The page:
The Student News Site of Texas A&M University - College Station

The Battalion

The Student News Site of Texas A&M University - College Station

The Battalion

The Student News Site of Texas A&M University - College Station

The Battalion

Texas A&M players watch fireworks after Texas A&M’s game against Ole Miss on Friday, April 19, 2024 at Davis Diamond. (Hannah Harrison/The Battalion)
The sun will come out
April 21, 2024
Texas A&M players watch fireworks after Texas A&M’s game against Ole Miss on Friday, April 19, 2024 at Davis Diamond. (Hannah Harrison/The Battalion)
The sun will come out
April 21, 2024
Junior G Wade Taylor IV (4) covers his face after a missed point during Texas A&Ms game against Arkansas on Feb. 20, 2024 at Reed Arena. (Jaime Rowe/The Battalion)
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Ali Camarillo (2) waiting to see if he got the out during Texas A&Ms game against UIW on Tuesday, Feb. 20, 2024 at Olsen Field. (Hannah Harrison/The Battalion)
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Incoming journalism professors Mariano Castillo and Flora Charner sit with former student and Battalion staff member Ken Sury at the FJSA Hall of Fame reception ceremony held in the J. Wayne Stark Galleries in the Memorial Student Center on Friday, April 19, 2024. (Hannah Harrison/The Battalion)
A&M welcomes new journalism professors from CNN, Dallas Morning News
Ana Renfroe and Stacy CoxApril 19, 2024

At a ceremony honoring Aggie journalists, Texas A&M announced it will welcome three new journalism professors in the fall. New hires will...

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LSU QB Jayden Daniels (5) runs with the ball during A&Ms game against LSU at Kyle Field on Saturday, Nov. 26, 2022. (Cameron Johnson/The Battalion)
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Texas A&M players watch fireworks after Texas A&M’s game against Ole Miss on Friday, April 19, 2024 at Davis Diamond. (Hannah Harrison/The Battalion)
The sun will come out
April 21, 2024
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Members of the 2023-2024 Aggie Muster Committee pose outside the Jack K. Williams Administration Building. (Photo courtesy of Aggie Muster Committee)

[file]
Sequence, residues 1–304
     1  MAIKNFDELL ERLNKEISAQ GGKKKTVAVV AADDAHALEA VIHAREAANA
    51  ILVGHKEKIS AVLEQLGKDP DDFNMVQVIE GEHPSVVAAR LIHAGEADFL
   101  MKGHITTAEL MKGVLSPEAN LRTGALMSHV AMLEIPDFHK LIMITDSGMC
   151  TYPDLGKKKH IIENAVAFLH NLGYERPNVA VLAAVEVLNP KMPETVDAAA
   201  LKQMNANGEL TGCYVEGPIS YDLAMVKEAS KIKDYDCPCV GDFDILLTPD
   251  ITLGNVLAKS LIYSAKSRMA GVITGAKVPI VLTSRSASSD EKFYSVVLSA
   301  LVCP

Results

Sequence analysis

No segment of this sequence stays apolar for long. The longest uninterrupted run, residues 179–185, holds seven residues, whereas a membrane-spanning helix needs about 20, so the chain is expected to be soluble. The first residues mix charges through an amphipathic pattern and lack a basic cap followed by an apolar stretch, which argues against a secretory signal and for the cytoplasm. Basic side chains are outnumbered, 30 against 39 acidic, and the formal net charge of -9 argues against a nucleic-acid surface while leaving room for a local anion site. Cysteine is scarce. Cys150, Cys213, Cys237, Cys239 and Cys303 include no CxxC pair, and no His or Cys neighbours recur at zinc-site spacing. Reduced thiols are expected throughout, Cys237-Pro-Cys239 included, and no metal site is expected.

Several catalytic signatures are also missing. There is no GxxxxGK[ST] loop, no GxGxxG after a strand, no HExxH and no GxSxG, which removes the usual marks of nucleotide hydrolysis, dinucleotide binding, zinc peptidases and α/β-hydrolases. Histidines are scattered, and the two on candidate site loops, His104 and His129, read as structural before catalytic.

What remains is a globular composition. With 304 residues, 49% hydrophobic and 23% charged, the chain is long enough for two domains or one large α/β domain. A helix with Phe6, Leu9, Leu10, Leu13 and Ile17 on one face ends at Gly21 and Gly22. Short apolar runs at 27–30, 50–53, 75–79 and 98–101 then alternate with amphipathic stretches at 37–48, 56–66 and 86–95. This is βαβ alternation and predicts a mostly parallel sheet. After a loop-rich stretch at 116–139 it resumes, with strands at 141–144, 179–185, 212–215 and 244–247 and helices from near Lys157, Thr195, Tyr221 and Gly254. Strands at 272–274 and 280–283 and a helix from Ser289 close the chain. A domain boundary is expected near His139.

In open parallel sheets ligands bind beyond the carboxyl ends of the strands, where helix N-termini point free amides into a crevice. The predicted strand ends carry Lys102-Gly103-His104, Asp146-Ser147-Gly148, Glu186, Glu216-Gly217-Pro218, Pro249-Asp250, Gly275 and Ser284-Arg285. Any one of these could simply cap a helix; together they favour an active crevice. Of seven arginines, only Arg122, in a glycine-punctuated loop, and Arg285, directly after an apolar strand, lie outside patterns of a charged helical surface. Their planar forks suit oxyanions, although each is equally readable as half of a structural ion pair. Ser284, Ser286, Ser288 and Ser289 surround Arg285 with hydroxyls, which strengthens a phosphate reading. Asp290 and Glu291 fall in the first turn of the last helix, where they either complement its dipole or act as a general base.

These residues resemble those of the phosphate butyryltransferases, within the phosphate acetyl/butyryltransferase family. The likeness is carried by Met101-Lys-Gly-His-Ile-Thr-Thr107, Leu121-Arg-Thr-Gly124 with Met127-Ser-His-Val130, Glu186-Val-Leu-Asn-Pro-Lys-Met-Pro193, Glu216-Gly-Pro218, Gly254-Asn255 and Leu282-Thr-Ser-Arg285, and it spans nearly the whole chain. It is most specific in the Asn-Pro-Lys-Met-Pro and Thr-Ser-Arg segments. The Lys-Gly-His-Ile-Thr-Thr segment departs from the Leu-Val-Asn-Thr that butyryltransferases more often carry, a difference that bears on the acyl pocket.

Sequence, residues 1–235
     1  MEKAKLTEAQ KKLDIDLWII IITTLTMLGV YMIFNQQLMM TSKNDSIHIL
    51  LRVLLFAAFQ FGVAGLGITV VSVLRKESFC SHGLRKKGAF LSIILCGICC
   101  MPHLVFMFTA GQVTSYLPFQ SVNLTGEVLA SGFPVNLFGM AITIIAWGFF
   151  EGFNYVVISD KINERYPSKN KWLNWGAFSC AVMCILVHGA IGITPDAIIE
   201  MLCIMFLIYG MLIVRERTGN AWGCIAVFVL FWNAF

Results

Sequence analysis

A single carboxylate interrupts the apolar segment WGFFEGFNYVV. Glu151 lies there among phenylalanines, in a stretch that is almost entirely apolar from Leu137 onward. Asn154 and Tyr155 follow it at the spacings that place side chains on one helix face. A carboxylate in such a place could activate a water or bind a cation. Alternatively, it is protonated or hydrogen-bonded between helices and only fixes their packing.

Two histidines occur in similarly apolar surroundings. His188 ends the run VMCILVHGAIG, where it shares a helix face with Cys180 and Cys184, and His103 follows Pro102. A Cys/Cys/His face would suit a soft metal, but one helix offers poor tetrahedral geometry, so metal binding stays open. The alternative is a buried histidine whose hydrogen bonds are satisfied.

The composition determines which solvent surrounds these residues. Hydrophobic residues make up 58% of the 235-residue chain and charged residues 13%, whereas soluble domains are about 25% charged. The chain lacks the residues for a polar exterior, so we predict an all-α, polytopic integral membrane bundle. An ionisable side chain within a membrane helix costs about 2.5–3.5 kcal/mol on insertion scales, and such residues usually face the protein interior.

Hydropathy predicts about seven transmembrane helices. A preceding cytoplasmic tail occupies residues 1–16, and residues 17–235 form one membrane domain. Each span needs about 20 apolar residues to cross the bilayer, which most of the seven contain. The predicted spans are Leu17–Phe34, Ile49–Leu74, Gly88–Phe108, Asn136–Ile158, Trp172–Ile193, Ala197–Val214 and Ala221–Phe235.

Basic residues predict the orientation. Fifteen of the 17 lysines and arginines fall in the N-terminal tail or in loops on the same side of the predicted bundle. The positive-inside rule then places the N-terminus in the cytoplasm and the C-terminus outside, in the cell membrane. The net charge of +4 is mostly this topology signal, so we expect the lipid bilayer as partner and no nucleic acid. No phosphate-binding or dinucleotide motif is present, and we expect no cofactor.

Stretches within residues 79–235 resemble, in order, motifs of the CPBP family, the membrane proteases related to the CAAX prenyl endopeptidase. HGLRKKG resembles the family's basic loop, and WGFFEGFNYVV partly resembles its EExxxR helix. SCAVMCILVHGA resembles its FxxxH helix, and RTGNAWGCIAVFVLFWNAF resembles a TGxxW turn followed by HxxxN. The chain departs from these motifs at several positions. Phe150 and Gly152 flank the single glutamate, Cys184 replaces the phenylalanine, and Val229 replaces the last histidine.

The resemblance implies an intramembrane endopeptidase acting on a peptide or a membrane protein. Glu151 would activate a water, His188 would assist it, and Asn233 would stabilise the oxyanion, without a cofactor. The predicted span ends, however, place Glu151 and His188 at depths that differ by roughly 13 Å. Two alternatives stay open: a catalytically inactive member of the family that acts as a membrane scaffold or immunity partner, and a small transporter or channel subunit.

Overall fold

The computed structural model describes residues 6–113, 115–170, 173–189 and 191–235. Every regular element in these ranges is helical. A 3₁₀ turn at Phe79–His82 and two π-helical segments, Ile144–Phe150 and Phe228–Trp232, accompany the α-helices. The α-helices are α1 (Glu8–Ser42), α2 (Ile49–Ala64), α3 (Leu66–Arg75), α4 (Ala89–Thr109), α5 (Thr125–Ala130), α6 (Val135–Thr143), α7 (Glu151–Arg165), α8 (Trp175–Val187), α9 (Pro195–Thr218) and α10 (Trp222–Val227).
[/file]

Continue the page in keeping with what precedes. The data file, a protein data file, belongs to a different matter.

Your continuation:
Orchestrating a century-old tradition
Sydnei Miles, Head Life & Arts Editor • April 18, 2024

As Muster approaches, the Aggie Muster Committee works to organize a now century-old tradition. These students “coordinate every facet” of...

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Texas A&M professor Dr. Christina Belanger teaches her Geology 314 class on Wednesday, April 3, 2024, in the Halbouty Geosciences Building. (CJ Smith/The Battalion)
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Don’t look up without proper protection on April 8

A&M Libraries help distribute solar viewers, inform Aggies
Students+wait+in+line+to+get+eclipse+glasses+in+Evans+Library+on+Tuesday%2C+March+26%2C+2024.+%28Kyle+Heise%2FThe+Battalion%29+
Photo by Kyle Heise
Students wait in line to get eclipse glasses in Evans Library on Tuesday, March 26, 2024. (Kyle Heise/The Battalion)

Look up at the sky on April 8 and witness the spectacular meet-up between the sun and the moon, but make sure to do this safely with solar viewers. According to the libraries’ research guides, the eclipse is predicted to start at 12:19 p.m. in College Station and end at 3 p.m. The maximum eclipse will occur at 1:39 p.m. with the sun’s surface 98.61 percent obscured. 

This is Texas’ second visible eclipse in under six months following the Libraries’ October Aggie eclipse event. for students to gather with the Libraries and witness this celestial spectacle. 

Under the leadership of Jessica Simpson, the Research and Scholarly Initiatives librarian at A&M, the Libraries have been handing out solar eclipse viewers all week. Janina Besa Siebert, Class of 1999, a library staff member in Learning and Engagement, and Jilian Eslami, the outreach coordinator, have joined forces with Simpson to form the ‘J cubed’ team. They aim to raise students’ excitement for the upcoming solar eclipse. 

“We are nearly in the crosshairs of a dual event, and something like that just can’t be ignored,” Simpson said. “It helps students understand that there is a safety issue and a concern about looking at the sun during an eclipse.” 

The library team is working diligently to promote safety with licensed glasses and ensure students are well-informed about the event.

“We want to be the hub, so if y’all have questions, ‘Oh, what’s happening in the sky, where can I go?’ We want you to come to the libraries and ask us,” Siebert said. “The library’s website is a go-to for information students may seek. Wherever you are for this total eclipse, that’s an online resource you can use at your house, on campus, or at this center point of the total eclipse.” 

There are misconceptions about the safety of viewing the solar eclipse.  The event has the potential to damage eyes if viewed directly.  Solar viewers also have an expiration date.

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